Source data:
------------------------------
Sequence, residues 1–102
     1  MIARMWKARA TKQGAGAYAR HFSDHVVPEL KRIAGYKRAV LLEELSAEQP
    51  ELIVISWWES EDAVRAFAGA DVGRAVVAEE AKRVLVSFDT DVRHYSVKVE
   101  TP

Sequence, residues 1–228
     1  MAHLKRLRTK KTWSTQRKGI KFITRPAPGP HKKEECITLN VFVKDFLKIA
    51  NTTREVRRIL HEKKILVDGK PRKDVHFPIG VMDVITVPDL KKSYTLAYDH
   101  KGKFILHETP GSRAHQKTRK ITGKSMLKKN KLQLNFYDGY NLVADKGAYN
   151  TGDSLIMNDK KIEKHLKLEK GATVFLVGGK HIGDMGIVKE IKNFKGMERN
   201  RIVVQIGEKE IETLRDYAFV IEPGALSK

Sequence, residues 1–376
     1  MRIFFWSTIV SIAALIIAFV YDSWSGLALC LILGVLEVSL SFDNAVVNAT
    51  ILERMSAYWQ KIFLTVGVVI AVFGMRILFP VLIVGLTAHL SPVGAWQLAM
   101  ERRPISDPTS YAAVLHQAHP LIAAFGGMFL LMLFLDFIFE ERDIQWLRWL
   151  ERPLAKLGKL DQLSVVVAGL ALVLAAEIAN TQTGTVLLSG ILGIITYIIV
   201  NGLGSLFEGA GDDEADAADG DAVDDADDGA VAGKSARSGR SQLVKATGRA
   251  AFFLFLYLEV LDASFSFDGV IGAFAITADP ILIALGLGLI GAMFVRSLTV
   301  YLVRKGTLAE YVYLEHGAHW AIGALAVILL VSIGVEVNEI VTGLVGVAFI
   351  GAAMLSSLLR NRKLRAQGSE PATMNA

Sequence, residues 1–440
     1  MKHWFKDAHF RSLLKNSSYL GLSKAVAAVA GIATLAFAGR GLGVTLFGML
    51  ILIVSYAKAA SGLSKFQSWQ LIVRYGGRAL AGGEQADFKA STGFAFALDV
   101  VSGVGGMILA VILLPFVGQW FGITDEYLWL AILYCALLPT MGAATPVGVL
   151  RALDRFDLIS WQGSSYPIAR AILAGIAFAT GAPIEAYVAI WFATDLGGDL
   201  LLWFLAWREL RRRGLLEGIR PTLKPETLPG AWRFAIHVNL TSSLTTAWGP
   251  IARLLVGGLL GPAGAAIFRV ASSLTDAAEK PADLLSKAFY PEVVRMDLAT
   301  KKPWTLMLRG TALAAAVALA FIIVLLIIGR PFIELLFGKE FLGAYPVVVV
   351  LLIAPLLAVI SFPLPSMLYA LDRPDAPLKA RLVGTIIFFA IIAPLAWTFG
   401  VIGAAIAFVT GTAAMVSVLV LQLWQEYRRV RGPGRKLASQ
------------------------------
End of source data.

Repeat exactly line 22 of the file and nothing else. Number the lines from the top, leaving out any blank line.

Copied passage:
    51  ILIVSYAKAA SGLSKFQSWQ LIVRYGGRAL AGGEQADFKA STGFAFALDV